Hamilton cast Mike Pence

Screengrab via Hamilton Musical/Twitter

'We, sir, are the diverse America who are alarmed and anxious that your new administration will not protect us ...'

First, Mike Pence was booed at the theater. Then, after the show, he was lectured by the cast. And much of the internet loved every second of it.

The vice-president elect attended Hamilton on Friday night, and once he was noticed by many in the Broadway crowd, the jeering began.

But that was nothing compared to what happened when the cast took their bows after the play had concluded. Listen to the speech of Brandon Victor Dixon, who plays Aaron Burr in the smash-hit play, directed to Pence just as he was leaving the theater for the evening.
If Dixon wanted the message to go far and wide, he has succeeded. Ten hours after Hamilton’s official account tweeted the post-play speech, it had racked up 65,000 likes and 88,000 retweets.

The reasons Pence was such a target Friday night were clear. Much of the Broadway community is also part of the LGBT community, and Pence, throughout his political career, has not been an ally to that cause.

As the Daily Dot has previously discussed:

Earlier [in 2016], Pence signed a “religious freedom” law that many feared would allow businesses to discriminate against people for their sexual orientation and gender identity, and only amended it after intense pressure.

In 2006, Pence argued that same-sex marriage would bring about “societal collapse” in Congress, and in 2009 was a vocal critic of a new hate-crimes law that expanded the definition of “hate crime” to include violence against others over perceived sexual orientation and gender identity because he worried it could curb religious free speech. He was also an advocate of conversion therapy in his 2000 run for Congress. As recently as 2013, Indiana passed a law making it a felony for same-sex couples to apply for a marriage license.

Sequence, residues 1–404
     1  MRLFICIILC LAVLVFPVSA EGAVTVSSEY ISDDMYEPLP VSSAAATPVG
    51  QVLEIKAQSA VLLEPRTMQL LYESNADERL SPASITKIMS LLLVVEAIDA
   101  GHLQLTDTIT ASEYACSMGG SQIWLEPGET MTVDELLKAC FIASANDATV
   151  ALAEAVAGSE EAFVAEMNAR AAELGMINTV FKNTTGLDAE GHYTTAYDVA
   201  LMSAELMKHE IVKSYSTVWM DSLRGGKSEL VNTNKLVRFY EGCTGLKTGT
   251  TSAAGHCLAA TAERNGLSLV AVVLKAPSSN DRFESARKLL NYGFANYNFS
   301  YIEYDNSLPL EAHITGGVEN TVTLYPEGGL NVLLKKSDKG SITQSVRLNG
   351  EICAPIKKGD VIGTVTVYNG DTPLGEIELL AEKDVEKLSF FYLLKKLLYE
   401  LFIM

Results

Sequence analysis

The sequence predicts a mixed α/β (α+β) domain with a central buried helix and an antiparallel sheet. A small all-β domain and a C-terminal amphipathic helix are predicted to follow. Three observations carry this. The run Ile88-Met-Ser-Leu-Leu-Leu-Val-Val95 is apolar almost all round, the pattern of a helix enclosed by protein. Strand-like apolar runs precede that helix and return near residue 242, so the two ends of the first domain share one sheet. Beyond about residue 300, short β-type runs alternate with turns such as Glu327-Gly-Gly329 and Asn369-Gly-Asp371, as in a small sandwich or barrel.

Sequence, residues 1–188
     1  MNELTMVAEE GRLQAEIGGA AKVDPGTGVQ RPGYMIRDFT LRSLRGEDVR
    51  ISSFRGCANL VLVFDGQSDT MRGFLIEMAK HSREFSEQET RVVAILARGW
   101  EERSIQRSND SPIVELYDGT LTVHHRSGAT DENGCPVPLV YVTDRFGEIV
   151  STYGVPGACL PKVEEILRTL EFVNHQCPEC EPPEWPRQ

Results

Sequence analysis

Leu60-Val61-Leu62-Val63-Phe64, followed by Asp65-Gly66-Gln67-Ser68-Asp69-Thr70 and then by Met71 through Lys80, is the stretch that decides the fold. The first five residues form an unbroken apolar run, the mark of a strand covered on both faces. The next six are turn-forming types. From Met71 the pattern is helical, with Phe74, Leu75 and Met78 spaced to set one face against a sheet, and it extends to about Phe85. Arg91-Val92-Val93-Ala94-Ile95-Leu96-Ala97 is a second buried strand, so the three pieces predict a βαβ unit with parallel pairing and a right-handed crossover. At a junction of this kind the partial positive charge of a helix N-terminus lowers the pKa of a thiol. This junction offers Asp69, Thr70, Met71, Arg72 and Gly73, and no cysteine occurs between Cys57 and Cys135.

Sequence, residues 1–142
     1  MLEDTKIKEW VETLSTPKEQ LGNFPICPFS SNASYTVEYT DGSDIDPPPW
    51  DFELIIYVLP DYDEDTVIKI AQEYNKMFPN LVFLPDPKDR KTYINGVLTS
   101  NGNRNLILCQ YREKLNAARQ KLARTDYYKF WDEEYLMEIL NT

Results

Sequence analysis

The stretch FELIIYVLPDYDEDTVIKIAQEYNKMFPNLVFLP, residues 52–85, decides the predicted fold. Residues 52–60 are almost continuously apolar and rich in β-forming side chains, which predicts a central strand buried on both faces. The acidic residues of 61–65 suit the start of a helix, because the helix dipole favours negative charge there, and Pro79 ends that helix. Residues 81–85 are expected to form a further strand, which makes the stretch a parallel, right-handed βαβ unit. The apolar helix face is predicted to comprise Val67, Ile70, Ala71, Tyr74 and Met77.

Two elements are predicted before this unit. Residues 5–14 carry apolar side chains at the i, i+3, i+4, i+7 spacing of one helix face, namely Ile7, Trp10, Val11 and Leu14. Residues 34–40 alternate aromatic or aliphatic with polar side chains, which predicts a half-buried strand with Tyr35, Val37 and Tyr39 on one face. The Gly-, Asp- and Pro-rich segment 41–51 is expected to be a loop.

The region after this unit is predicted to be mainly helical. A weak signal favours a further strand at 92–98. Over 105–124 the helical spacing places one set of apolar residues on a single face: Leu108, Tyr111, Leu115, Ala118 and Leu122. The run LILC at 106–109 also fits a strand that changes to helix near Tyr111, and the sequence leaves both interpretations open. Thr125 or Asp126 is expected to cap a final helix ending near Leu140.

From 1991–1994, Pence was the president of the Indiana Policy Review, and during that time published a letter arguing that newspapers shouldn't hire gay reporters. The article, which has no byline, asked, "Will a gay writing on gay issues be identified as would the owner of the local Ford dealership if he were to write on the issue of Fords?"

That kind of history certainly motivated the Hamilton cast—which is currently led by Javier Muñoz, who’s openly gay and openly HIV-positive—to make its statement. When the cast received word that Pence would be attending the performance, a phone call to show creator Lin-Manuel Miranda was made about 30 minutes before the curtain rose, and they discussed what the cast should do.

"These are the opportunities that you die for,” Dixon told Broadway.com after the show. “I saw him enjoying it with whoever he was with, and I hope he remembers us. I truly believe we had an effect. It was a message from the producers the creative and the cast. If you have differences, say something. What better place than on this stage telling this story with these people? I hope he thinks of us every time he has to deal with an issue or talk about a bill or present anything."

Donald Trump didn't seem pleased with the lecture, tweeting this Saturday morning.

Which led Dixon to tweet this.

Either way, it’s a night the rest of the theatergoers—and those who agree with Dixon’s message—probably will not forget.
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